As complicated as it may get, the human condition does come down to those few questions of Joe’s, who am I and what do I want. But it isn’t in asking us who we are that our stories matter, it is in the telling of who we are and who we can be that the social values have been passed along for centuries. This is who you are, one of us, and this is what we aspire to be. Even though starvation and social collapse aren’t necessarily as near as they were in centuries past, to an extent any civil society in any model still requires us to recognize what we have in common and how much we need each other. This carries over to the individual when it comes to our stories.
We are directionless slackers coasting through life never utilizing our potential. But we could be a hero if someone saw us in a new way and helped us discover a side of ourselves we didn’t know. We are career focused emotionally walled off professionals, but someone could teach us to treasure what is truly precious in life. These are the new stories that matter. You are not limited to who you are now, you can be anything you want. Sound familiar? When these stories are told well, they touch something in the core of our humanity, hope. While our lives may require compromise and disappointment, there is always hope for something more or something better.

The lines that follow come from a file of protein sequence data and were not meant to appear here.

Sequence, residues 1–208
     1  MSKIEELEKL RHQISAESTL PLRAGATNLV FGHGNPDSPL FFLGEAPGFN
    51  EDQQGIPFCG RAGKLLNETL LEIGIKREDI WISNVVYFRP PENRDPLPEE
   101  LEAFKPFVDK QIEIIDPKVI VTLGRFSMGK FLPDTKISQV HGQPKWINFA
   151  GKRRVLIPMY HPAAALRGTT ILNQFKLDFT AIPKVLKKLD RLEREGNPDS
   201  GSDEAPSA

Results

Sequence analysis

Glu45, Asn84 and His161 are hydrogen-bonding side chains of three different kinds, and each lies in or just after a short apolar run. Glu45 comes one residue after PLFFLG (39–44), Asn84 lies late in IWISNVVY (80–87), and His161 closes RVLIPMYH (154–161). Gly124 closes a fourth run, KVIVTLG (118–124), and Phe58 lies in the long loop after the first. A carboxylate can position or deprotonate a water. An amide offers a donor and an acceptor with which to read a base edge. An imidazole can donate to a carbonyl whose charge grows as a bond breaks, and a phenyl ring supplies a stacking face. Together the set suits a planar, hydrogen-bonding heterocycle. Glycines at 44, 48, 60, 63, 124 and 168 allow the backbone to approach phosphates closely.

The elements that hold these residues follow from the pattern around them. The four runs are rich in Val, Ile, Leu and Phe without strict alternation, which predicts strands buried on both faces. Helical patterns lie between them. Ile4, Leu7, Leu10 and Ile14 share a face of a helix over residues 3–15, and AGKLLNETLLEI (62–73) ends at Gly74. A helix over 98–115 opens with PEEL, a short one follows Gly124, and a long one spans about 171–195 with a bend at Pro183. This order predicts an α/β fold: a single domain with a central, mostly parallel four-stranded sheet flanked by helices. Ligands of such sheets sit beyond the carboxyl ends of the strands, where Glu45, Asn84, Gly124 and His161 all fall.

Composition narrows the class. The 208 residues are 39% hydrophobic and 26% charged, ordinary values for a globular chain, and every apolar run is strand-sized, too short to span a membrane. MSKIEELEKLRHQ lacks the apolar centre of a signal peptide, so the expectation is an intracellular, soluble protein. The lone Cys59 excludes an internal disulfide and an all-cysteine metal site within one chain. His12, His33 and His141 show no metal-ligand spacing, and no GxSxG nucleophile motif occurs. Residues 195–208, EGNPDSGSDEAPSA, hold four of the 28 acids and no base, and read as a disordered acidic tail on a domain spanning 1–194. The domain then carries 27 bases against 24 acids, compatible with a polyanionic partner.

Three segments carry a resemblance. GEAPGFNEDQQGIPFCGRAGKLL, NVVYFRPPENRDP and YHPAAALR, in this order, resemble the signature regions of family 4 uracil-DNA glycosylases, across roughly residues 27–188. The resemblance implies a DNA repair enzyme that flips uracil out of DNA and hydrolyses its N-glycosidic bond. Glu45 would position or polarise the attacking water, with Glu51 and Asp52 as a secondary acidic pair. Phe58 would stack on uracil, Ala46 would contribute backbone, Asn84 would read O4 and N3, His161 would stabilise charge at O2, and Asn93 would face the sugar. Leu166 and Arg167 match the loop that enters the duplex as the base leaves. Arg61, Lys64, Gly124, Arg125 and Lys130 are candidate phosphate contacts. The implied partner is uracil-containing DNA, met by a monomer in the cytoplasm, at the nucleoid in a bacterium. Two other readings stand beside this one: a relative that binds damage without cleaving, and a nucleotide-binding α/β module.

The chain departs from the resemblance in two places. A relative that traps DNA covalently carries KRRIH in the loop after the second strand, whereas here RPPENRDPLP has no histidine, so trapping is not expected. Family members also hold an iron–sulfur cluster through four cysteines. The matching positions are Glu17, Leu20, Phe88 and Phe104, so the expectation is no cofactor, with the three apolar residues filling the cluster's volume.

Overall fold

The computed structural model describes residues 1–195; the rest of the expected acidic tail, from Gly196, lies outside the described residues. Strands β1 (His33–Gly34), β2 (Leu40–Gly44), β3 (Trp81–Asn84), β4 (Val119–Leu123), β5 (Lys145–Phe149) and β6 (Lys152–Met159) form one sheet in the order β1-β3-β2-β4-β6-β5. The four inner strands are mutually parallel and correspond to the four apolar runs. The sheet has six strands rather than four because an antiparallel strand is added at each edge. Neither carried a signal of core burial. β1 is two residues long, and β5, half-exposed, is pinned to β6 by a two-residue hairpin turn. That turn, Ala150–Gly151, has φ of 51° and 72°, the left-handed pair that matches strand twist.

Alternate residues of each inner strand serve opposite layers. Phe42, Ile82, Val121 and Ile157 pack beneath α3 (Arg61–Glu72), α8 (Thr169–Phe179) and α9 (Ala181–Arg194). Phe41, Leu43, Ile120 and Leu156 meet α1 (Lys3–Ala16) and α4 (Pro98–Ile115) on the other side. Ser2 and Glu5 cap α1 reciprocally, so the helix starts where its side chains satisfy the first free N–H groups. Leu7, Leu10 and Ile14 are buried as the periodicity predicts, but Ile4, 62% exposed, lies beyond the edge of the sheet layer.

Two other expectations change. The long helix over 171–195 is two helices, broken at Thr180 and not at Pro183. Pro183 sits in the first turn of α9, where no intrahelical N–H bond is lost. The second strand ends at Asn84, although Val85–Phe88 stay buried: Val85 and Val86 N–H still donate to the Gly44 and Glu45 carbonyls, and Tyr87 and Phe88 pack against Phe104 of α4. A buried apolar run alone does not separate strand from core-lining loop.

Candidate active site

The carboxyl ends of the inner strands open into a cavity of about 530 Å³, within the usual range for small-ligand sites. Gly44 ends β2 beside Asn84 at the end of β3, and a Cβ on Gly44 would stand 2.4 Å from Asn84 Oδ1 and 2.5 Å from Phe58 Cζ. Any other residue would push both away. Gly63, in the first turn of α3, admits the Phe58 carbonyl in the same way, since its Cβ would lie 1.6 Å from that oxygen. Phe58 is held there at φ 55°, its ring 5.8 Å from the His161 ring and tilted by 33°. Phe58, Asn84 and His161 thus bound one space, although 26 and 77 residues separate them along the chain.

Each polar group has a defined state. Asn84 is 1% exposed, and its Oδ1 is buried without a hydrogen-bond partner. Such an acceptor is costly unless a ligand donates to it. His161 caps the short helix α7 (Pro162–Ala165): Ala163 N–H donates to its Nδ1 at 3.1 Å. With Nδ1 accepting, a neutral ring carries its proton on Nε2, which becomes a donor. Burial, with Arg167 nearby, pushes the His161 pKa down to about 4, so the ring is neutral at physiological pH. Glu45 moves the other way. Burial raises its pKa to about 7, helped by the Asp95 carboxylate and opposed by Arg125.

Love conquers all, that’s another one of our stories. Also known as sometimes the nerd gets the girl. Last Monday, whether they intended or not, TPTB told us that no, he doesn’t, completing a process they started with Chuck Versus The Ring. Because Chuck the nerd didn’t get the girl, much as they try to split the difference by showing Sarah was ready to stay at the end of the Ring. Because they never ever acknowledged to each other that it happened they were pulled apart at the last minute again. Sometimes you need to take a chance on someone, also known as exactly how long am I supposed to feel sorry for Sarah as opposed to suggesting serious psychiatric help? Aside from the tiresome re-re-re-use of the same damn character trait we were supposed to see her growing out of again, this time they hit us with a double whammy. When Chuck and Sarah get together, he’ll no longer be the nerd, he’ll be the spy. And in the meantime it turns out that Sarah Walker actually does fall for every guy she works with. That makes both her season 2 love for Chuck, and their eventual coupledom a bit cheaper. Wether they intended or not the damage they did to the characters just made their story a lot less compelling. There is the source of anger. They didn’t just damage the characters, they took away season 2 from us, or at least what it meant to us. We don’t have Barstow anymore, because it didn’t mean anything. It wasn’t real apparently, just a momentary fantasy they both had before life intruded again. It is going to be tough to scrub that one from the collective memory. I have said it before, TPTB had the chance to do something unique, and decided to take the traditional route. I’ll always think it was their biggest mistake, they didn’t believe in themselves enough to try it. The rest is details.